A mental health counselor or therapist who specializes in working with teens may be helpful with goal setting and providing help with any anxiety related to food and health.
What are the best fluids to drink?
Energy or calorie-containing fluids include: whole milk, 100% fruit juice, smoothies, milk shakes (including nutritional supplements or homemade milkshakes), and Carnation Breakfast Essentials® powder. Avoid calorie-free or low-calorie drinks such as diet soda, Crystal Lite®, or seltzer water. Your teen should drink at least 8 ounces of calorie-containing fluids with each meal and snack. Generally, fluids can help promote weight gain because they are relatively less filling than solid foods providing similar energy (calories).
What about protein bars?
Protein bars are another type of supplement. They come in many different brands and flavors. Bars that have a balance of carbohydrates, protein and fat are okay to have as a snack or part of a snack. Avoid bars that are extremely high in any one nutrient.
Are there any foods or fluids my teen should avoid?
Certain foods and drinks that lessen appetite and those with no nutritional value should be avoided. Encourage your teen to omit or decrease his consumption of caffeine and caffeine-containing products.
Examples of caffeine-containing products to avoid include:
- Coffee, lattes, and tea
- Caffeinated soda
- Energy drinks such as Red Bull®
Other foods to avoid:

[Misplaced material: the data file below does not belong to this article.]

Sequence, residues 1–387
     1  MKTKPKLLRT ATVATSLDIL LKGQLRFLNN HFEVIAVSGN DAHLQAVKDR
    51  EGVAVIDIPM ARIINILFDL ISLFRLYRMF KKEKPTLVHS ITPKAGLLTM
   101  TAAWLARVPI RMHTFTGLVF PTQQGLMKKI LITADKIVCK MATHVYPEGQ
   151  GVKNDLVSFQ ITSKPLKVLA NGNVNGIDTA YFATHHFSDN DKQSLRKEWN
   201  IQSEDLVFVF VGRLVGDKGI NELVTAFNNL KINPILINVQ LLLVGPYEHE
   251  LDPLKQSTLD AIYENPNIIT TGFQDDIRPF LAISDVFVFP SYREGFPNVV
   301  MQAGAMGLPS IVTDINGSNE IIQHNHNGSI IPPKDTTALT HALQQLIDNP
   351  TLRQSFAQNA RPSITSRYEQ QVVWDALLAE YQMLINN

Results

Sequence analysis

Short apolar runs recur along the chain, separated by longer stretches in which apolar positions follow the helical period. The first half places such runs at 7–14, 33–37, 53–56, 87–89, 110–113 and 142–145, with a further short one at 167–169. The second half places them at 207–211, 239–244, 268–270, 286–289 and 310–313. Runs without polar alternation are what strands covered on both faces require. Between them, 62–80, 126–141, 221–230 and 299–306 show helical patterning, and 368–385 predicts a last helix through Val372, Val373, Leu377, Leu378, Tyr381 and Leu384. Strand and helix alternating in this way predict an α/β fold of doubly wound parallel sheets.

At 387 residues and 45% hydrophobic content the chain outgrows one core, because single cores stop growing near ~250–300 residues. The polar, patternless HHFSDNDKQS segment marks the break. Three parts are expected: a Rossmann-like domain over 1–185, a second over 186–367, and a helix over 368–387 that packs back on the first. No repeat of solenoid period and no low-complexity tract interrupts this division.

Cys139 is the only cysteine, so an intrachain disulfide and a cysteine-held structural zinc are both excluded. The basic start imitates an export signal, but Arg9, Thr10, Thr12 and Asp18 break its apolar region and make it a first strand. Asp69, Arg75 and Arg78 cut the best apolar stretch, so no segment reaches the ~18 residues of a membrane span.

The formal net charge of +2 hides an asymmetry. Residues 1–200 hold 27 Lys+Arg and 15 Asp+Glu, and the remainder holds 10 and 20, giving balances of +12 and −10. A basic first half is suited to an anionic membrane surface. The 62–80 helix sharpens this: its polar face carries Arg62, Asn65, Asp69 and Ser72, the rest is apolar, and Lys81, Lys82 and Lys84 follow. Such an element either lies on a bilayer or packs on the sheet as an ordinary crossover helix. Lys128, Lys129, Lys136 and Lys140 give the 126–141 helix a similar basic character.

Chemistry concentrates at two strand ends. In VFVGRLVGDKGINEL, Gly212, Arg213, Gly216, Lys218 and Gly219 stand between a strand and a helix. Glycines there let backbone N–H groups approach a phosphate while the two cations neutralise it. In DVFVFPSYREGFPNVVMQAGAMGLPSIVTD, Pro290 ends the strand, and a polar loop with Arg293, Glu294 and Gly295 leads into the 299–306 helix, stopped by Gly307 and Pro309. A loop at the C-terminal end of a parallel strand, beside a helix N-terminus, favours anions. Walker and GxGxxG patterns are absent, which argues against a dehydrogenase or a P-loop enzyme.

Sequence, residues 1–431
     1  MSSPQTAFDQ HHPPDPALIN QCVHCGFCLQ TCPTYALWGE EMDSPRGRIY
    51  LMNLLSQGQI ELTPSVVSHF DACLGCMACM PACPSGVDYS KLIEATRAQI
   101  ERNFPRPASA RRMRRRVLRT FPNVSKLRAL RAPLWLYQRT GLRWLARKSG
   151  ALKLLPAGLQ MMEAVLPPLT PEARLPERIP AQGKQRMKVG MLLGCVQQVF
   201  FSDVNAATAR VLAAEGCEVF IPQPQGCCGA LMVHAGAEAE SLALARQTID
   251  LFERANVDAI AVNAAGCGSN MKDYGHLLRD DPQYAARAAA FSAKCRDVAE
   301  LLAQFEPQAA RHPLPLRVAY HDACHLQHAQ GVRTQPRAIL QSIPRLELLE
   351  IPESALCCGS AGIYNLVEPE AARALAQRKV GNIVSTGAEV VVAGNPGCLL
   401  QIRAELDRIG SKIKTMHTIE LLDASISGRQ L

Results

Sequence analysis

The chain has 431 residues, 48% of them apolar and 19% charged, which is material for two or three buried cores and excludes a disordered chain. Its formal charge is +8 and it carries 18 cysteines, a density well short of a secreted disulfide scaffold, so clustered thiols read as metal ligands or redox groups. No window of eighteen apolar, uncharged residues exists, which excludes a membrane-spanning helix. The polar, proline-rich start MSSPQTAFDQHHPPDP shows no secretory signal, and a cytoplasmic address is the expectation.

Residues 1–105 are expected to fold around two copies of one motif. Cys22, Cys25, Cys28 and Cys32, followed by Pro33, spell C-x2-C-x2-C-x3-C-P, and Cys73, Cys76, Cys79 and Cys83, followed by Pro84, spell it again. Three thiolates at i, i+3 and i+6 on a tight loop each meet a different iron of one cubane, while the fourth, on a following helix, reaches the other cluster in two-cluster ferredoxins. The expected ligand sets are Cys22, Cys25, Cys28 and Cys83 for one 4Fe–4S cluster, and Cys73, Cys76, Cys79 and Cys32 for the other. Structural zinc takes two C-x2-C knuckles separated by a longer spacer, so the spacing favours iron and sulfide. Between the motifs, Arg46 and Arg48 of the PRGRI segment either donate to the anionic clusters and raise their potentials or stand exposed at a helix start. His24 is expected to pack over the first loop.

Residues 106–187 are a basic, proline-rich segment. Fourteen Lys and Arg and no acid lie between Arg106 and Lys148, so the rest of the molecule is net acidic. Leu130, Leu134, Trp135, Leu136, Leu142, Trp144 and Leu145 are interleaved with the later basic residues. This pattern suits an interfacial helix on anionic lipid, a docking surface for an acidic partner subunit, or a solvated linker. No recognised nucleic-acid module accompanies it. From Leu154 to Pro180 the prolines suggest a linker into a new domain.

- Sugar-free foods
- Calorie-free fluids
- Fat-free foods
- Low-fat foods
- Low-carb foods
How do I make sure my teen doesn’t gain too much weight?
Your teen’s health care provider will be checking his weight periodically. When weight maintenance is appropriate, you will be informed. Simply altering some ingredients (decreasing the number of servings of fruit juices or other calorie-rich drinks) will help to reduce the amount of daily calories if necessary. Working with a dietitian can help with the transition to weight maintenance. It is very important to focus on overall health and maximizing energy levels, instead of over emphasizing the numbers on the scale. Remember, young teens are growing and gaining height, which requires an increase in body weight that is consistent with increasing height.
It’s okay to encourage your teen to finish his meal or snack, but do not force him to eat or to clean his plate. Prepare meals with high energy/calorie-dense foods and keep the volume of food normal or increase slowly.
It’s a great idea to offer a second helping of any food that your teen enjoys. For example, if he loves mashed potatoes, an extra scoop is great. If he is super thirsty at lunch, it’s fine for her to have another glass of juice, whole milk, or lemonade. If he is particularly hungry after school, give him an extra snack or double the snack portion. Take advantage of time of day when your teen’s appetite is best.
Eating on a schedule can help. Encourage your teen to eat three meals each day and three snacks in the mid-morning, afternoon, and evening before bedtime.
Make an appointment with a dietitian who specializes in working with teens. The nutritionist will make an individualized plan for your teen with consideration for the eating habits of other family members. Your teen will learn specific ways to get the nutrition he needs to reach a healthier weight.